This week in digital news, Expedia was on our priority list. Check out our in-depth explainer on the group's 23 brands, then read about the future possibility of Expedia-branded hotels and the company's latest earnings report.
Digital Travel News Weekly Roundup
Throughout the week we post dozens of original stories, connecting the dots across the travel industry, and every weekend we sum it all up. This weekend roundup examines digital trends.
For all of our weekend roundups, go here.
>>Check out our Skift Takes on Expedia Group’s brands for consumers and businesses. Time for some #realtalk: Every One of Expedia Group’s 23 Brands, Explained
>>The majority of first travel searches have no mention of a brand or destination, putting publishers of digital destination information in a uniquely influential position. Yet publishers are challenged to differentiate themselves in an overwhelming number of options: Online Travel Media — Skift Research Looks at Who Stands Out in 2018
>>We still think there’s a pretty good chance that we’ll see Expedia-branded hotels in the near future if not sooner: Expedia’s Hotel Boss on Becoming a Global Platform
>>When mergers go awry, it isn’t always merely because the acquired company was a dog. Sometimes the purchaser likewise screws the whole thing up: Oral History: Ebookers and LastMinute Deals Showed Mergers Can Be a Blood Sport
>>Eventbrite’s rise has happened in tandem with that of the experience economy at large. Both the consumer and enterprise event technology sectors have thrived in recent years, with mobile tools redefining how people research and buy tickets to events: Eventbrite Readies IPO After Period of Event Ticketing Consolidation
>>Online advertising can be annoying, and even more so when it’s missing the mark. Google’s Rob Torres talks about how the company is trying to at least improve the relevance of the ads users see: Google Is Trying to Do Away With Bad Advertising
>>A new loyalty program aims to reward travelers for everything from taking a walk to road tripping across the country. But will users find the rewards to be worth the cost of sharing their location data? Walk a Few Miles and Earn Points: New Location-Based Loyalty Program Launches
>>Amadeus hopes to clear some of the underbrush that’s grown up in hotel technology. If it succeeds, it will likely reshape the costs and systems used for selling rooms industrywide: Amadeus Hospitality Is a Tough Sell Despite Progress With InterContinental Hotels Group
>>Avoiding digital tools to help manage simple meetings is a big missed opportunity. The good news is that more meeting planners and travel managers plan to experiment with new technology over the next year: Digital Revolution for Smaller Meetings Is Still a Work in Progress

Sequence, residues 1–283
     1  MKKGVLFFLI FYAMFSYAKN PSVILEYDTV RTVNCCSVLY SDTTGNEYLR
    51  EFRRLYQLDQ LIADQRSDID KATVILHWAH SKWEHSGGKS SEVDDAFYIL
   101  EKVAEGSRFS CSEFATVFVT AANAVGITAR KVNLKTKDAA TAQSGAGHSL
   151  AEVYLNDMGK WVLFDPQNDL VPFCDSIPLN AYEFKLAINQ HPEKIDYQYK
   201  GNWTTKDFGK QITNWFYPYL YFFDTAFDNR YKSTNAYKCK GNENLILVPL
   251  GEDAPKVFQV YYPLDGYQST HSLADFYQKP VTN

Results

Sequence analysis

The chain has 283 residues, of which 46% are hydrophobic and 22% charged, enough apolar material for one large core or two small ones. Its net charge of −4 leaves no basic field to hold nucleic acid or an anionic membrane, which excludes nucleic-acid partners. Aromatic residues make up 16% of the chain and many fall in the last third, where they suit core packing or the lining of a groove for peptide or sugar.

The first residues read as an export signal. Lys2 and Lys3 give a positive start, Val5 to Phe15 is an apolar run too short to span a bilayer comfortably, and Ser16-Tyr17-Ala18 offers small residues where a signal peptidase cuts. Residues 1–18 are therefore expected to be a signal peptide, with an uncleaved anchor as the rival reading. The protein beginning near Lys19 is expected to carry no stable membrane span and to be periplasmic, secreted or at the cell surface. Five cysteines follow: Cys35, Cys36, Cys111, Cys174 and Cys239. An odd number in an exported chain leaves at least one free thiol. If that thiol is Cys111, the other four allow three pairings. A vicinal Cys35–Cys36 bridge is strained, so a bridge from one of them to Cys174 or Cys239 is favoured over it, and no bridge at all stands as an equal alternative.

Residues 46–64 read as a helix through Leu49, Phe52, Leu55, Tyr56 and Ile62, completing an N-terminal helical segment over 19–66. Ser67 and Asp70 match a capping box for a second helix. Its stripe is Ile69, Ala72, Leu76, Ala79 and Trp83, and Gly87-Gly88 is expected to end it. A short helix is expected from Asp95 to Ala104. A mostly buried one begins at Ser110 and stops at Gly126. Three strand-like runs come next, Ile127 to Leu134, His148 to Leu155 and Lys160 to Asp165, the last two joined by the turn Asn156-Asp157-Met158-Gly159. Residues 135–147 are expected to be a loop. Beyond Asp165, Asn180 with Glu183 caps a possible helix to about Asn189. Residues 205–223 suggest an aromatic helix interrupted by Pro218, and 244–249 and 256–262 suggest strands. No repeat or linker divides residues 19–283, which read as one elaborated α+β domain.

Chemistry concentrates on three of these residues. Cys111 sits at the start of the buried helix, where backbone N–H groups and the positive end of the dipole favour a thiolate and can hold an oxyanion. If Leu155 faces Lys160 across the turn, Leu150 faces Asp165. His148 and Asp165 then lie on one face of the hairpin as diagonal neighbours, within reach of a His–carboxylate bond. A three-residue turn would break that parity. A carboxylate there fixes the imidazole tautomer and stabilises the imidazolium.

>>A lot of Trivago’s problems, including an advertising diss from Booking Holdings, are beyond the company’s control so it is doing what it can, namely reducing advertising spend and headcount in an attempt to get into the black. Speaking of Booking Holdings, Trivago may need a dot-com-like Priceline comeback to right the ship: Trivago Lays Off Staff in Strategy Shift to Emphasize Profitability Over Growth
>>Has the worm turned? Have Expedia and Booking.com found a way to trim the growth of their bloated advertising spend? That would not be great news for some advertising platforms, and would be a significant change in the way the largest players conduct their marketing operations: Expedia Marketing Spend Levels May Reflect a Changing Advertising Environment
>>CEO Holger Bartel has been angling his deals company into a smarter business model. But the cost of Travelzoo’s investments continues to drag down earnings. Investors responded by shaving 30 percent off the company’s share price on Wednesday: Travelzoo Stock Price Tumbles as Costs Devour Profit
>>Organizations planning small events are finally embracing technology to solve their most annoying problems. It’s been a slow process, and better mobile and sourcing tools have made a big impact: Getting Smarter About Small Events
>>Divvy launched in April, and it may already be valued at $150 million. One possible lesson for other startups is that customers may be eager for simple, one-stop interfaces because they’re facing “dashboard fatigue” from having to check too many other online systems: Expense Management Startup Divvy Raises $35 Million: Travel Startup Funding This Week
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Photo credit: A person using Expedia's app for iOS devices. Expedia-branded hotels could be a future possibility. Bloomberg